The best case scenario for Small Soldiers is that it becomes the measuring stick that all other movies about toys that come to life end up getting compared to. That's not going to happen; Small Soldiers might have it's pleasures, but it isn't nearly good enough to leave that kind of footprint.
Second best scenario: Small Soldiers gets compared to Toy Story, which is not just a beloved classic, it's a cornerstone for an entire era in animation history. But we can rule that out, too, because Toy Story felt like a breakthrough when it came out, while Small Soldiers feels like a less anarchic rehash of Gremlins. (That might be because Joe Dante directed both Small Soldiers and Gremlins.) Also, Toy Story has a lot more heart and is much more streamlined. No, Small Soldiers isn't nearly good enough to hang with the Toy Stories of the world.
Worst case scenario: Small Soldiers gets lumped in with Toys, the batshit crazy Robin Williams movie about a toy maker whose whimsical factory gets co-opted by an evil general who wants to create war toys that will train the next generation of kids to be good killers. That movie has some interesting ideas in it, but it's pretty flawed. It looks cool, but it's obvious that it is stealing its entire visual style from Tim Burton, and although it has some good scenes in it, the tone of the movie never coheres. It can't quite decide if it wants to be a Willy Wonka style tour through a child's fantasy land or if it wants to be a serious anti-war movie. There's a good idea for a movie buried somewhere in Toys, but what actually got made is pretty inconsistent.
Here's the bad news: Small Soldiers definitely deserves to get lumped in with Toys.
There are three big reasons why. The first is that the plots are very similar. Small Soldiers is about a large corporation who buys a toy company and then demands that they switch from making educational toys to making very expensive violent toys. One of the toy designers accidentally inserts some unused military computer chips that the company had in stock into the toys, and the chips bring the new toys to life and turn them into, well, small soldiers. The specifics are slightly different - Toys is more about the making of the toys, while Small Soldiers is more about the people who own the toys - but the themes are pretty similar.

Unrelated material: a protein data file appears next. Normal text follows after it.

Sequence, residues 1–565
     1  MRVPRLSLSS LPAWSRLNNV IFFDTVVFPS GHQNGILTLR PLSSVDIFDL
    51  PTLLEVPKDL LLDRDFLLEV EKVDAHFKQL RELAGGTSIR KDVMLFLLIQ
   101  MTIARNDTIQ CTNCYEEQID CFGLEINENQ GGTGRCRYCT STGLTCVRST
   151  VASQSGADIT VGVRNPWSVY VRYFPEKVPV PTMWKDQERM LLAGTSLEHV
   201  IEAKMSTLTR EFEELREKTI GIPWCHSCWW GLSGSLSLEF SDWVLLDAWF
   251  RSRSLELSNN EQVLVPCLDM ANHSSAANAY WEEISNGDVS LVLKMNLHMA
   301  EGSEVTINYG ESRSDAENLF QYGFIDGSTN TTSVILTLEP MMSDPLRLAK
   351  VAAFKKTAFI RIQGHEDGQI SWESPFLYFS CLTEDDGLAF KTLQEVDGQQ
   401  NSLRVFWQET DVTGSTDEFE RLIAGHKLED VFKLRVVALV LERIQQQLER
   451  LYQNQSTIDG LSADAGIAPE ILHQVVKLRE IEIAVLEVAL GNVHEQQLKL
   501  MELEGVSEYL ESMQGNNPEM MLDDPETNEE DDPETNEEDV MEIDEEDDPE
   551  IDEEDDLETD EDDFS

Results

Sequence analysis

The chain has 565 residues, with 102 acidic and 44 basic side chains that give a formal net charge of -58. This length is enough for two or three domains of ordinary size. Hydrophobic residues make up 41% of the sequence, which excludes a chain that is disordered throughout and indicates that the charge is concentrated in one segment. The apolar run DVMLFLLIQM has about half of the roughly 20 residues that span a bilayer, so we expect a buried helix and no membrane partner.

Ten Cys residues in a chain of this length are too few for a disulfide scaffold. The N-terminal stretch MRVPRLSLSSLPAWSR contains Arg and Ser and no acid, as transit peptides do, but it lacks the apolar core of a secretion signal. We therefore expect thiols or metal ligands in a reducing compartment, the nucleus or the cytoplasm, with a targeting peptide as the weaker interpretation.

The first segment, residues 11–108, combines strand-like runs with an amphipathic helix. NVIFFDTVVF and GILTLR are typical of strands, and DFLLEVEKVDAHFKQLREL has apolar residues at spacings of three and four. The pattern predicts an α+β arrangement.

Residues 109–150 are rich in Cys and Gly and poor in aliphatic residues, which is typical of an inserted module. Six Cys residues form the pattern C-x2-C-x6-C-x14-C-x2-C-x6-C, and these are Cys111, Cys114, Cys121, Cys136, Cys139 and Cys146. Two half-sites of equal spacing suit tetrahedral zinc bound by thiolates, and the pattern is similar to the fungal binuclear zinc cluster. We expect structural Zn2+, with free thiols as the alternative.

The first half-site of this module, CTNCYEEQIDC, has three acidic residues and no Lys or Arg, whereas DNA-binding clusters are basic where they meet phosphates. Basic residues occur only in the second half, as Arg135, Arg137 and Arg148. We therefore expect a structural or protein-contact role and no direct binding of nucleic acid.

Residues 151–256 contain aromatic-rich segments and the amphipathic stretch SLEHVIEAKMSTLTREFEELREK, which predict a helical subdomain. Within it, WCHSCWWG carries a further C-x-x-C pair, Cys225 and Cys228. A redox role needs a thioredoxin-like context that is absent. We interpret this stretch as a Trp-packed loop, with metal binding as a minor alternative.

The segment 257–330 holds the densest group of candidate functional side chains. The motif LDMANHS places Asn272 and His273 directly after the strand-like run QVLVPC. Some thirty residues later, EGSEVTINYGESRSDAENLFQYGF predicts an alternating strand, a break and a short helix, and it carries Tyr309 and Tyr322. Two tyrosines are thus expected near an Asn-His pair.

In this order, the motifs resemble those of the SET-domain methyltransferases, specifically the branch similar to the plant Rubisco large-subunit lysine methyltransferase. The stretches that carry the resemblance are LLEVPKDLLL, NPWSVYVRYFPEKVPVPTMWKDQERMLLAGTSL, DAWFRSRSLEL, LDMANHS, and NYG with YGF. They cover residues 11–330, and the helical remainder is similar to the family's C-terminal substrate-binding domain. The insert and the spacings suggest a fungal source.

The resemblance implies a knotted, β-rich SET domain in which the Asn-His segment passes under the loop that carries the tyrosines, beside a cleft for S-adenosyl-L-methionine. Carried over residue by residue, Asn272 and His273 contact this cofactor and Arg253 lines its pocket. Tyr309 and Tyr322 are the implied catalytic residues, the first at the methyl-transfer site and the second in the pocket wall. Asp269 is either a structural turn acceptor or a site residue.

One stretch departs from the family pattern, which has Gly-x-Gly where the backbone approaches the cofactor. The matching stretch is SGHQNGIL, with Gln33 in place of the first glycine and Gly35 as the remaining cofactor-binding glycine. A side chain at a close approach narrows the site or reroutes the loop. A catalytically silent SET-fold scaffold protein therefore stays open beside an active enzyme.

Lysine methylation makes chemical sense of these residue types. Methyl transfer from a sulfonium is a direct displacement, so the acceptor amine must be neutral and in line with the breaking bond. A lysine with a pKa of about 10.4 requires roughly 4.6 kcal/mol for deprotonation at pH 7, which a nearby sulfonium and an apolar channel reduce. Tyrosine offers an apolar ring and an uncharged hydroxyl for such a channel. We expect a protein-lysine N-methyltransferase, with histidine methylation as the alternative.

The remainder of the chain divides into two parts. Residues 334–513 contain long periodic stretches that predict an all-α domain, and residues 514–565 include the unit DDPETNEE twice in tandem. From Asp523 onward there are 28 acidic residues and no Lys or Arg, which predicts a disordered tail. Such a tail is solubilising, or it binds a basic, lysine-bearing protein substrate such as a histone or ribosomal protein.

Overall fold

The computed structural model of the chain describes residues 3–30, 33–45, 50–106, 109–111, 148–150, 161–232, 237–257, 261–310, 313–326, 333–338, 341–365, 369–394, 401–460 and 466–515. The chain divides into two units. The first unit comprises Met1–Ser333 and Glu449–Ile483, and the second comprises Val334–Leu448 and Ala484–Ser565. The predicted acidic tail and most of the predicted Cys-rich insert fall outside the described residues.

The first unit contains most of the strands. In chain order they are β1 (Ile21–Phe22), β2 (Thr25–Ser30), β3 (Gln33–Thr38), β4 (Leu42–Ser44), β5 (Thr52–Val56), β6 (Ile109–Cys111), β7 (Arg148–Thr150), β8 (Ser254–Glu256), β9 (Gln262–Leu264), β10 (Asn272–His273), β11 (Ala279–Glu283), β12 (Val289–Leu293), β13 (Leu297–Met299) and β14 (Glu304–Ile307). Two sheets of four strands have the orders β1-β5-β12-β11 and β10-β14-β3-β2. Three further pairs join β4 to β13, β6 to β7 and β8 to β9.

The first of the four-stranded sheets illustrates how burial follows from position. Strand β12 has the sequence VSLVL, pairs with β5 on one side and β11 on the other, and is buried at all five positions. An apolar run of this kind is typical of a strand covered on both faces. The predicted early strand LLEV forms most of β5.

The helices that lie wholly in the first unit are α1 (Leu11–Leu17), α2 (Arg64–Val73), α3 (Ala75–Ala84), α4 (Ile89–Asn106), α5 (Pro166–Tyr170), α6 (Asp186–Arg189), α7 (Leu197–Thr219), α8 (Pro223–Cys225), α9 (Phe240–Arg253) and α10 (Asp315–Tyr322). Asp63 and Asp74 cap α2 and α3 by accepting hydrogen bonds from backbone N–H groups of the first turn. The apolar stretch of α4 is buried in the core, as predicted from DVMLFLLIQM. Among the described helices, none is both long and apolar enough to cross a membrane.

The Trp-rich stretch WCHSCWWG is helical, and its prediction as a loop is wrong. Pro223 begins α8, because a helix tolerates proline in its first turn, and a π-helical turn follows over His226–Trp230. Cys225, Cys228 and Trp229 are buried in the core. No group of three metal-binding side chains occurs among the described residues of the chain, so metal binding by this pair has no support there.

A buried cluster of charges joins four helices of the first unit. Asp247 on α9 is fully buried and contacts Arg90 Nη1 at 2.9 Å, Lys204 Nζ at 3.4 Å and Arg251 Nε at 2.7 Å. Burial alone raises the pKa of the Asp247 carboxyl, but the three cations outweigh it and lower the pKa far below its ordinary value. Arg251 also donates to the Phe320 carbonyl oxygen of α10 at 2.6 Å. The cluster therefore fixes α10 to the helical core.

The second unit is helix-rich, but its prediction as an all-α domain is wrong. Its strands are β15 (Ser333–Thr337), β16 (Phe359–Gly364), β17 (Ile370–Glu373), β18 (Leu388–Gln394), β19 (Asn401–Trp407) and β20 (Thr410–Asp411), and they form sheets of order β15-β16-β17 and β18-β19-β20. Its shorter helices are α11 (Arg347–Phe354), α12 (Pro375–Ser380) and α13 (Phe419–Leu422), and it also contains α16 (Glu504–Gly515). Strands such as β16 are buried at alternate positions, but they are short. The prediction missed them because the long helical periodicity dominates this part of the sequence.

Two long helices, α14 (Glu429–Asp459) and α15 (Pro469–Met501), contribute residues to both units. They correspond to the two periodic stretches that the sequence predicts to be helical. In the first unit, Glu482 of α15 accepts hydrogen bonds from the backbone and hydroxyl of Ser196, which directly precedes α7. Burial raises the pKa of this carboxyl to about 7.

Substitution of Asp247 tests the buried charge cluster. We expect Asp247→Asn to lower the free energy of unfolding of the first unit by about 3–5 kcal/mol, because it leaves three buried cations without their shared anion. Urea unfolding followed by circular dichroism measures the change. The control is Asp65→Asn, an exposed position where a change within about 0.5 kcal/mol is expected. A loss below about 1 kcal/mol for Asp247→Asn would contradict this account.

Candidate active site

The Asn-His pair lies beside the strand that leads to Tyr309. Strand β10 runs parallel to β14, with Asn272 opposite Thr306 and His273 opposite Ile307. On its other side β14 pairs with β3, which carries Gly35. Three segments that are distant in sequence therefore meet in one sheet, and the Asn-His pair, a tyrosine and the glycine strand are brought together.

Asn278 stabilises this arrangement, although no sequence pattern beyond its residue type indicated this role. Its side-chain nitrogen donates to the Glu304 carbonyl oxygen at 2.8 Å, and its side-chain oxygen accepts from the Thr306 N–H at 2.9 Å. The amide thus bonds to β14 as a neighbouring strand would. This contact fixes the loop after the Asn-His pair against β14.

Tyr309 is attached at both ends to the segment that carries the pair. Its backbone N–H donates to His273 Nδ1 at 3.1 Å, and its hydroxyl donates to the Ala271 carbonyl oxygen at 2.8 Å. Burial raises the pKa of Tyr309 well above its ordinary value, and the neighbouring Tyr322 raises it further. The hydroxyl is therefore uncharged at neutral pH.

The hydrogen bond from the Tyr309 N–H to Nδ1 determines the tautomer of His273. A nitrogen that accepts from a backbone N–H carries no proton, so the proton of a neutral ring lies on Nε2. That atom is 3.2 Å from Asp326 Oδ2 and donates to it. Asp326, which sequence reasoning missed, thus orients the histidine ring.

The second reason is that both Toys and Small Soldiers suffer from the same tonal problems: neither can commit to being a movie for children or being a movie for adults. Small Soldiers never quite settles on how threatening these rampaging toys are supposed to be: are we supposed to be scared that they might actually murder the kids they are attacking? Or is it just funny that these toys have switched places with the kids and now it's the toys that are throwing the firecrackers? It wants to walk the line between being an action movie and a comedy, but it doesn't have enough thrills to be the former or enough laughs to be the latter.
The final reason why the movies are similar is that they would both badly need an edit. In Toys' case, it needs a script edit. That movie took over a decade to be made, and several of the plotlines obviously come from different eras of the script and they don't all jibe together. In Small Soldiers' case, it needs to be faster and leaner. The first twenty minutes of the movie are devoted to setting up the backstory of the kid that buys the toys, but none of that detail really matters after he gets taken hostage by them. And even if all of the stuff about how he got suspended from school was going to get paid off in the end, it still needs to go by quicker. Regardless of whether Small Soldiers ultimately settles on being a thriller or a comedy, it needs to start thrilling or telling jokes before the first half hour is up, because once it's gone that long without doing anything interesting it's hard to are about what happens.
I was overstating it a bit when I said that being compared to Toys was the worst possible fate that Small Soldiers could face. It would have been worse if it had gotten compared to something truly dire like the Garbage Pail Kids movie. Still, it's not good company to be in. Who wants to be exiled to the island of misfit toys when you could be hanging out in Andy's room with Woody and Buzz? Maybe the people who made this movie wouldn't mind - after all, they knowingly set out to make a movie about dysfunctional toys - but for the rest of us sane people, that doesn't sound very good.
Winner: The Cat